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Currently there is only one way to load the blob into victim task using libcompel.a, called ''c-header'' <ref>This is done for historical reasons. It was the most handy way to load [[parasite code]] by CRIU. In plans we have loading the .po ELF file itself</ref>. First you should make a header out of your .po file with the <code>hgen</code> action of compel tool:
  
<pre>
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compel hgen -f parasite.po -o parasite.h
compel hgen -f parasite.po -v parasite_relocs -p parasite_sym -s parasite_blob -r parasite_nr_gotpcrel -u compel/include/uapi/ -o parasite.h
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</pre>
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Options meaning is the following:
 +
* <code>-f</code> tells which binary to turn into header
 +
* <code>-o</code> tells where to write the resulting header
  
After this the <code>parasite.h</code> file should be included into the infecting program and compiled with it.
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Once <code>parasite.h</code> file is ready, it should be included into the infecting program source code to be compiled with it.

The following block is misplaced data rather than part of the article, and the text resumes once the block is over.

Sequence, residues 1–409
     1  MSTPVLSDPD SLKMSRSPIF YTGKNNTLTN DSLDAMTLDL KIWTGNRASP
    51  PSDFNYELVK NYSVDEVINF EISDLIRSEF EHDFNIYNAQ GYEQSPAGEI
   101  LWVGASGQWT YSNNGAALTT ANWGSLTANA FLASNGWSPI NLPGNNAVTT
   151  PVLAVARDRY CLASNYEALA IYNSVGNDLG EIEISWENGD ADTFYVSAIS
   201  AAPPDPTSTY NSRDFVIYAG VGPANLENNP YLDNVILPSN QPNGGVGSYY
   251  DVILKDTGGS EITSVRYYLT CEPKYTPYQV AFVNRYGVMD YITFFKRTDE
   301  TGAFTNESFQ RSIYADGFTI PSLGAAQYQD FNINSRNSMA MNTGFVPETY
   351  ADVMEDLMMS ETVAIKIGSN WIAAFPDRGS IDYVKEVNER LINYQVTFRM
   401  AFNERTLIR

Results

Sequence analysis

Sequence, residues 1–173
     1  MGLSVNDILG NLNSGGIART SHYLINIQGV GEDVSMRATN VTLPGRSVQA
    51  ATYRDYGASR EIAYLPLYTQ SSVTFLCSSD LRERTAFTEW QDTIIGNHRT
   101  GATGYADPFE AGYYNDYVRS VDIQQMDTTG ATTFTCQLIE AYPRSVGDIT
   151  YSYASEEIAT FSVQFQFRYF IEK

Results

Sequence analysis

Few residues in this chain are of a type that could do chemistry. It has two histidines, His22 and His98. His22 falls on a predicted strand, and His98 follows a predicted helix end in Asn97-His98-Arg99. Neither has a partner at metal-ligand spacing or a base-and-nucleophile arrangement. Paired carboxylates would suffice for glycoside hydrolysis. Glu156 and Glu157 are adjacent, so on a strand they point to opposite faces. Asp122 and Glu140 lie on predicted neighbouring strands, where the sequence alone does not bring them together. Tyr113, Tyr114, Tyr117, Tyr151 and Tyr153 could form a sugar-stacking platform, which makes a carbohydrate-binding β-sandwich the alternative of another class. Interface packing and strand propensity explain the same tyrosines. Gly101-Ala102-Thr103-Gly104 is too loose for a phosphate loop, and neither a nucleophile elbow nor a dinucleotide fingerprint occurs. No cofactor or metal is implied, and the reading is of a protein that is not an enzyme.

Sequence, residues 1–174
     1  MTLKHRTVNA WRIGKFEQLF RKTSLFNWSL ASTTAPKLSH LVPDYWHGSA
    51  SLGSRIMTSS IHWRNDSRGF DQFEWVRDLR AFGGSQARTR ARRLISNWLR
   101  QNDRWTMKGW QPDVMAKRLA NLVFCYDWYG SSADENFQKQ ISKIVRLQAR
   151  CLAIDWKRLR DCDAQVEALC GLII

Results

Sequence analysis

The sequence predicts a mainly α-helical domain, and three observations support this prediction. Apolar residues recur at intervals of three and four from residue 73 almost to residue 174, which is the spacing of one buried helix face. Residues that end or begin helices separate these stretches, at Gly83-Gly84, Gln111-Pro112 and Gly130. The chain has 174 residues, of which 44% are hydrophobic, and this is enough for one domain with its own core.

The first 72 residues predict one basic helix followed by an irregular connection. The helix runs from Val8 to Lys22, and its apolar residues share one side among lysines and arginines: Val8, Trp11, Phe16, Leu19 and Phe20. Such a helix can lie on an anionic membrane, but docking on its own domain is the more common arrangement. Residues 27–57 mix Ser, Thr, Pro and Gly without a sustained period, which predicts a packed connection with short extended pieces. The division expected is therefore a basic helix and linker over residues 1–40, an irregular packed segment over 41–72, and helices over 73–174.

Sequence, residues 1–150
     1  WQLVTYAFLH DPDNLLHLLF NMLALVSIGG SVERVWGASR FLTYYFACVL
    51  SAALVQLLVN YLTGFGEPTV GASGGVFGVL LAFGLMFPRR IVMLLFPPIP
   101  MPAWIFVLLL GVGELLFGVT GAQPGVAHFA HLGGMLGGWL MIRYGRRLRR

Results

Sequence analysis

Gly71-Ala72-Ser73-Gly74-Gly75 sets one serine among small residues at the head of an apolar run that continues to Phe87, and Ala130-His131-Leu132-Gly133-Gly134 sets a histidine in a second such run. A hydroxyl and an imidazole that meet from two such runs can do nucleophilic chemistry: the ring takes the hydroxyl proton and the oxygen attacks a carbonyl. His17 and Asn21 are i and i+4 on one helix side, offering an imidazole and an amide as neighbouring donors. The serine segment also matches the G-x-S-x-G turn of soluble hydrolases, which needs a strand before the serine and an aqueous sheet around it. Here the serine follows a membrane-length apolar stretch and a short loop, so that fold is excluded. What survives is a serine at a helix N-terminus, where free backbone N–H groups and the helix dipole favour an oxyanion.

== Running parasite code ==
 
== Running parasite code ==
  
So, in order to infect a task with parasite one must.
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So, in order to infect a task with parasite one must do the following.
  
* Stop the task with <code>compel_stop_task(int pid)</code> call and keep the return value if it's positive (it contains the task state)
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* Stop the task. This is done by calling <code>compel_stop_task(int pid)</code>. Its return value should be saved in case it's positive (it contains the task state).
* Prepare the infection handler with <code>compel_prepare(int pid)</code> call. The return value is an opaque pointer to <code>struct parasite_ctl</code>
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* Prepare the infection handler. This is done by calling <code>compel_prepare(int pid)</code>. The return value is an opaque pointer to <code>struct parasite_ctl</code>.
* Run the remote code
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* Run the remote code:
** Just execute a system call with <code>compel_syscall(ctl, int syscall_nr, long *ret, int arg ... (6 of them))</code>
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** Execute a system call with <code>compel_syscall(ctl, int syscall_nr, long *ret, int arg ...)</code> (all 6 parameters)
** Infect victim with parasite blob with <code>compel_infect(ctl, nr_thread, size_of_args_area)</code>
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** Infect the victim with the parasite blob by calling <code>compel_infect(ctl, nr_thread, size_of_args_area)</code>
* Cure the victim with <code>compel_cure(ctl)</code> and stop using the ctl pointer as it's freed by the call